When Duck shows up at Dot’s tea party, it soon becomes obvious he has left his manners at home. Nothing is quite right for him, and his demands and behaviour become increasingly outrageous, until Dot decides enough is enough. Clare Helen Walsh and Olivier Tallec’s How Rude! (words & pictures) is a prime example of how perfect picturebook delivery needs no elaborate artwork or long text. Short sentences, lots of negative space and visual humour heavily based on characters’ facial expressions are the perfect mixture for this tale of manners, friendship and learning a little empathy. I am really hoping this is not we have seen of this duo.
I am delighted that, as part of the blog tour, I was given the opportunity to ask one of my picturebook maker heroes a few questions.
The story behind the art:
a Q & A with Olivier Tallec
Hi Olivier, many thanks for agreeing to ask a few questions about your work. You illustrate both your own texts and those of others, as is the case with How Rude! Are there any differences in your approach to the text?
Absolutely, it is not the same approach at all. When I first receive a text, I enter the imagination of its author, and it is a bit like being asked a question and answering it visually rather than verbally. Illustrating someone else’ s text is to get hold of it, and invent a story within their story. It means to add details that might not appear in the text as well as trying not to illustrate everything,
When I illustrate my own texts, I create both alongside each other. That’s how I like it, rather than write then illustrate. I much prefer doing both together.
Can you tell us a little bit more about the illustration technique you used for How Rude?
It is a mix acrylic paints and pencil.
You have two distinct styles. One , that you have used for How Rude (but also in your Who Done It and Rita & Whatsit series), includes line drawings, a lot of negative space and a format which is similar to comics, The other is more stylised and detail full bleed double-spreads (like the Big Wolf and Little Wolf books or The Scar). Is this a choice that you consciously make according to the theme of the text, or does it happen unconsciously.
It is a completely conscious decision. But I am not sure you could call it two different styles. The drawing remains the same, and it is just the colouring the differs. It all depends on the importance of space and background. Sometimes I just want to get to the point, like in How Rude and Who Done It in which the characters’ facial expressions are paramount.
It also driven by a desire to ‘reinvent’ myself as I sometimes feel I am going round in circles in my work. It is also important to let one’s style evolve, which does not necessarily mean having several styles.
The text is in perfect harmony with your signature visual sense of humour, particularly when it comes to the child’s facial expressions. Would you rather illustrate humourous texts, as opposed to texts with more serious themes?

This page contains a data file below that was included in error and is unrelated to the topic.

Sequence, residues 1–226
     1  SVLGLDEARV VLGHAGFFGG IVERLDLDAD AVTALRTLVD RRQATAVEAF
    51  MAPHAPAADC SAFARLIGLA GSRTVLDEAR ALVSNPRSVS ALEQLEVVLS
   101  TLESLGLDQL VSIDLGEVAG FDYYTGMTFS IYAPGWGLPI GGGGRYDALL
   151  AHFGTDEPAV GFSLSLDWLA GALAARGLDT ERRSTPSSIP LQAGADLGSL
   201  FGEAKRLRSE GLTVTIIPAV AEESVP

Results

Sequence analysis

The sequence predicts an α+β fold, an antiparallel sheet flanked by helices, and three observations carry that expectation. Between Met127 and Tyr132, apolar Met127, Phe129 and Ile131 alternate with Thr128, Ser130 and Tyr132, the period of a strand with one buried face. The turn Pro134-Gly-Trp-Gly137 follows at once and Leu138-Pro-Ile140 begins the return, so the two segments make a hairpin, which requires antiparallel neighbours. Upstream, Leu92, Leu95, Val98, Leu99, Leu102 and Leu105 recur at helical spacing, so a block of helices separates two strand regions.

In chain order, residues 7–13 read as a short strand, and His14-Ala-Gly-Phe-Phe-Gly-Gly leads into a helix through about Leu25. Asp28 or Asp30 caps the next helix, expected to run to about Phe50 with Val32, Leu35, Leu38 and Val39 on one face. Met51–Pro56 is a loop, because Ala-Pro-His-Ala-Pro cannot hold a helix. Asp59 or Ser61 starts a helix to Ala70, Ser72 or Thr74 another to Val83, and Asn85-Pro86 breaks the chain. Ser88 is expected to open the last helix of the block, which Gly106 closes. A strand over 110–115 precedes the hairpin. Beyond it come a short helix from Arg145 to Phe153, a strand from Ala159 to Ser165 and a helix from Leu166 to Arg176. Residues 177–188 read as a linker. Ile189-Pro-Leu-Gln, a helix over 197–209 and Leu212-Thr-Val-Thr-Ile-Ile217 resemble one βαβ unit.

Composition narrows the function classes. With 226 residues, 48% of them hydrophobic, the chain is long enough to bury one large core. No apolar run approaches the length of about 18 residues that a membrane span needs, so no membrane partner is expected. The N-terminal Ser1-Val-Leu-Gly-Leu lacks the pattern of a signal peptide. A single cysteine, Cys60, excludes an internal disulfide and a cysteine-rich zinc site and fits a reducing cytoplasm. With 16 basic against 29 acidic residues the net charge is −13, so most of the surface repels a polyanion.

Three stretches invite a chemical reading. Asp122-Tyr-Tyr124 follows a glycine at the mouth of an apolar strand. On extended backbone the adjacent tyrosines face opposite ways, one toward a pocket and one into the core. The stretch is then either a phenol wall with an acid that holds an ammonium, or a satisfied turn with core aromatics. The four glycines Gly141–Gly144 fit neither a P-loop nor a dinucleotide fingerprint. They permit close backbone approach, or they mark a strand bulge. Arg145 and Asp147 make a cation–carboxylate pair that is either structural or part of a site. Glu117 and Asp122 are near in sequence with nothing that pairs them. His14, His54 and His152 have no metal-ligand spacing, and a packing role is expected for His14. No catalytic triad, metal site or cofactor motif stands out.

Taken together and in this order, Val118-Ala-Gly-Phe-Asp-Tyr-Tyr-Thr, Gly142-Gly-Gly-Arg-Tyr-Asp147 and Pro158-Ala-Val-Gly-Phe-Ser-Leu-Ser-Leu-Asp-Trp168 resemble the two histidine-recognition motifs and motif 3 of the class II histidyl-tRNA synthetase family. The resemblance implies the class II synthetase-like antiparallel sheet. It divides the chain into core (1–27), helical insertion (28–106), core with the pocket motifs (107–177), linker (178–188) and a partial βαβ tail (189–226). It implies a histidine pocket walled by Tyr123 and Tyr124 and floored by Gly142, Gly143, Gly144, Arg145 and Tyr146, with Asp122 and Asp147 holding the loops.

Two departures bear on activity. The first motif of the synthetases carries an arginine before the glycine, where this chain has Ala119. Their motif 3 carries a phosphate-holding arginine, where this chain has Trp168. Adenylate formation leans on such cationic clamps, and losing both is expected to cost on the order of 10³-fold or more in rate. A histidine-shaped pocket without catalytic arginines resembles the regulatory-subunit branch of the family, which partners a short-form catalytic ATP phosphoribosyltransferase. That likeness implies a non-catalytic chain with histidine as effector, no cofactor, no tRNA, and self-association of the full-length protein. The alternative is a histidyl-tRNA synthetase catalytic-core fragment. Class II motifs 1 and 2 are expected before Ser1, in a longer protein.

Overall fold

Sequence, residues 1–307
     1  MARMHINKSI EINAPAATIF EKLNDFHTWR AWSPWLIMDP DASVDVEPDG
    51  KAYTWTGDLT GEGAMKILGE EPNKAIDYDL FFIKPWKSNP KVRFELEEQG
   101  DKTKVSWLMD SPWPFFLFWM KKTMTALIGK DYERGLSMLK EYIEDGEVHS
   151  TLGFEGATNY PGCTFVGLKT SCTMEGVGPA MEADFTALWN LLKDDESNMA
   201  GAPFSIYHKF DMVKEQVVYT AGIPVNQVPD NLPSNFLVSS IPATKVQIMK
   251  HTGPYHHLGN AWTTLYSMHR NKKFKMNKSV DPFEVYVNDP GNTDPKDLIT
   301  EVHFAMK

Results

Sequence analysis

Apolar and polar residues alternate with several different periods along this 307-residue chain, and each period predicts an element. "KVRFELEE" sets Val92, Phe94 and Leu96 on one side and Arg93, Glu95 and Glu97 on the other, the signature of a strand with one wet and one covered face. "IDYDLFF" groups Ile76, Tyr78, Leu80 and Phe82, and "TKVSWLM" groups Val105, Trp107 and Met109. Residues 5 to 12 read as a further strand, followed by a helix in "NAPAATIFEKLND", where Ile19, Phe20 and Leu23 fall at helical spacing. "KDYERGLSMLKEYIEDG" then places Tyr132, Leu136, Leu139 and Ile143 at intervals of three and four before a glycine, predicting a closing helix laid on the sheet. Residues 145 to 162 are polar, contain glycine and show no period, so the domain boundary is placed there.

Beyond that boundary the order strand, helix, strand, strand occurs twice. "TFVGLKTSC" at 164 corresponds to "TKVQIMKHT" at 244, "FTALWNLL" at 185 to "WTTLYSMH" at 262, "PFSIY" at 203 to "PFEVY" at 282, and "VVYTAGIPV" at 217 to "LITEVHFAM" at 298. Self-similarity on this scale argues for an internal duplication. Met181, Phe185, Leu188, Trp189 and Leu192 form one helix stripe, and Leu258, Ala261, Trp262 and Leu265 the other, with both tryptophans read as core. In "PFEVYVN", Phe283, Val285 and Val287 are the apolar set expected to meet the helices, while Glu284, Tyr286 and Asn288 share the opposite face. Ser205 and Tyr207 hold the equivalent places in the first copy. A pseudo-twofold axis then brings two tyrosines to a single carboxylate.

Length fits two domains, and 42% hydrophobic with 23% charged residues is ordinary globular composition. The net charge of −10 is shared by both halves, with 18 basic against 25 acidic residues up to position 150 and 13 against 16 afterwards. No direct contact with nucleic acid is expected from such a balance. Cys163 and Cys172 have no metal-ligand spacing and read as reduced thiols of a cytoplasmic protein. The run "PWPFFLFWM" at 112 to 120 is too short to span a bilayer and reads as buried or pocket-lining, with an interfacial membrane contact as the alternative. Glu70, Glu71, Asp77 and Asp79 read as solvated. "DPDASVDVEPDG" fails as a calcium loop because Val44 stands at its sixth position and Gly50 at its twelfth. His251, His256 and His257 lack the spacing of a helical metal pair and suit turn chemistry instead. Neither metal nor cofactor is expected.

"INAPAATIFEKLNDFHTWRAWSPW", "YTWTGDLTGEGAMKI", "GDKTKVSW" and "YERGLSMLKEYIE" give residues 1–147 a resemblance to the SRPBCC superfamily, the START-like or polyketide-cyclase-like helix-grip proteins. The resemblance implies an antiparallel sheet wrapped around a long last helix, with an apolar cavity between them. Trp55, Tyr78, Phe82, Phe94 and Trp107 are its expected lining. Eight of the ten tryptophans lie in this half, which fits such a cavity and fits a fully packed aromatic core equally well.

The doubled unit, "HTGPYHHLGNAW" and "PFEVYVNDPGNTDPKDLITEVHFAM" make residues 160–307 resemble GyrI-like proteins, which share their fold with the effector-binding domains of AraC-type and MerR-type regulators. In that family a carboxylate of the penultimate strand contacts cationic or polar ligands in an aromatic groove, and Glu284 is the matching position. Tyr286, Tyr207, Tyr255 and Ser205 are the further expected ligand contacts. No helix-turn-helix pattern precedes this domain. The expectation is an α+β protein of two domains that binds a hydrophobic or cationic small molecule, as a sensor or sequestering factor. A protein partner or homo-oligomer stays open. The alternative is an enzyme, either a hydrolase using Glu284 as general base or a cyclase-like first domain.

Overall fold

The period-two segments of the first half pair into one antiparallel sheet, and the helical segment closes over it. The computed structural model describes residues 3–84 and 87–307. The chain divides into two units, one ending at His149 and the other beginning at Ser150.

I enjoy both. I have been able to illustrate more serious texts, like The Scar, but I very much believe in the power of humour to communicate important messages. Children’s imaginary worlds are primarly rooted in fun and humour.
I also think it is important to ‘talk’ to both the parents AND the children. Second degree humour is not easily grasped by children, but it is a great way to include parents in the reading experience.
We would love to see more picturebooks illustrated by Olivier Tallec published in the UK! Are there any other projects on the cards in the UK for you?
Thank you. There are few ongoing projects happening on the other side of the Atlantic. I regularly illustrate texts in the USA, including This Book Will not Be Fun written by Cirocco Dunlap, or the Monkey & Cake series which I am working on with Drew Daywalt, but nothing on the horizon in the UK itself.
Which illustrators and/or artist inspire you or inspired to become an illustrator yourself?
It is very difficult to be aware of what inspires you. There are so many things that inspire me every day. Will they transpire in my work? I can’t say for sure. It is important to ‘digest’ one’s influences too. For example, I love art brut (‘raw art’) primitive art, some painters. Does this all transpire in my work? I really couldn’t say.
And finally, which French illustrators would you recommend for our picturebook enthusiasts to check out?
There is such a rich, ample variety of French picturebooks, I could cite dozens! Walking into any bookshop in France to catch a glimpse of the wealth of local talent available.
Thank you, Olivier!
How Rude! is out on October 4th.
Don’t forget to follow the rest of the blog tour: